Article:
Last fall I read (listened to, actually) Better Than Before by Gretchen Rubin. It’s a great book, I highly recommend to everyone. One thing she shared was her belief that everyone falls into one of three (or was it four?) personality categories. I don’t remember all of them, but I knew before she even got to the explanation I fell into her “rebel” group. Rebels don’t do what they’re told just because someone told them to do it. Even if they sorta/kinda want to do it anyway.
THAT IS ME. DO NOT TELL ME WHAT TO DO, I WILL NOT DO IT.
This made a lot of problems for my parents growing up. Knowing this tendency I still have as an adult, Rubin explained ways of doing things that will set someone who is a rebel (ME ME ME) up for success and what will always lead to failure.
It was an eye-opening book. I should have known the gratitude journal wouldn’t work. I had heard others do it and love it. I was intrigued. But I wasn’t necessarily lacking in the thankfulness category—diving into the Bible a few years ago greatly changed the way I see my life—and adding something I probably didn’t really need just felt like another thing I had to do instead of something I enjoyed.
I enjoy reading my Bible every day, and I could tell you countless benefits I’m receiving because of it.
The gratitude journal felt like it was taking some joy away from the in-the-moment thankfulness I was already doing.
What made me finally stop? I just kept writing about food I was eating.
February 3rd: I am thankful for Girl Scout cookies.
February 5th: Thin Mints are a gift from God.
February 9th: I am so thankful for that box of Samoas I had for dinner.
February 10th: I’m so grateful for dinner out when I’m too tired to cook.
February 12th: Thin Mints.
February 15th: I am thankful for stretchy pants.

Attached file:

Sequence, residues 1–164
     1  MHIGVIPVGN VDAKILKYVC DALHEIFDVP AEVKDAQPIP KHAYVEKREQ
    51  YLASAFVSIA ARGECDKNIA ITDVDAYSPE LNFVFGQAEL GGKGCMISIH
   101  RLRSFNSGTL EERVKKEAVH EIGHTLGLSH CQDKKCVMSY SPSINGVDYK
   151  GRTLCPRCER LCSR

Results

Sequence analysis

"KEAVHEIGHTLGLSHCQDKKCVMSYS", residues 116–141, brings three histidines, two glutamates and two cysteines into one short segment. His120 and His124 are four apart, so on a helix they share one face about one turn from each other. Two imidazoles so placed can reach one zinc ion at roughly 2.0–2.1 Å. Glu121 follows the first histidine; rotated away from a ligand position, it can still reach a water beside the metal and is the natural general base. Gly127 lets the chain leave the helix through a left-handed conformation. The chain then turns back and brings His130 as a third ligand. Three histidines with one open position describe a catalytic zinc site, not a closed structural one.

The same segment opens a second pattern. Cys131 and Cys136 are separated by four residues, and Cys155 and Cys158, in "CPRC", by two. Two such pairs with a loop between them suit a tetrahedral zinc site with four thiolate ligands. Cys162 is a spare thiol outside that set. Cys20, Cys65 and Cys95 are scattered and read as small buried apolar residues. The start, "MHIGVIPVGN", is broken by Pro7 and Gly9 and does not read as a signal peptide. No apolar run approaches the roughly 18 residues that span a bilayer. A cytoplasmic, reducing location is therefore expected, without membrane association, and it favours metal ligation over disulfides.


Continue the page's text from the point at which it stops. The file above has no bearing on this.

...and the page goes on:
Just kidding. I just made that last one up. Unfortunately, the others are not made up. I just really like food, guys.
Dear Jesus, thank you for cookies and fast food. Amen.
I really wanted the gratitude journal to work. I had visions of climbing into bed each night with a heart overflowing with thank yous. I imagined I’d be curled up under the covers with my dog, writing in my cute, flowery journal barely able to contain all the gratitude spilling out of me.
Instead, I just made myself hungry.
At first, I felt like a failure for not loving the thankfulness journal thing I was trying, but then I realized I didn’t have to like it. I didn’t have to do it. And you’re not the boss of me.
Woah, sorry, I don’t even know where that last part came from.
What I meant to say: I get to practice being thankful all day every day. I get to try new things in my relationship with God and find out how to best praise Him. I can say thanks without writing it down, and I can pray for eyes to see all the things, big and small, that He’s giving me without the need to track it. Somehow for me it loses some of the beauty that way.
I’m glad I tried journaling my gratitude because it helped me figure out a little more about my relationship with my Creator. And you don’t know until you try. < — lame, but true mom quote to end the post. YOU’RE WELCOME.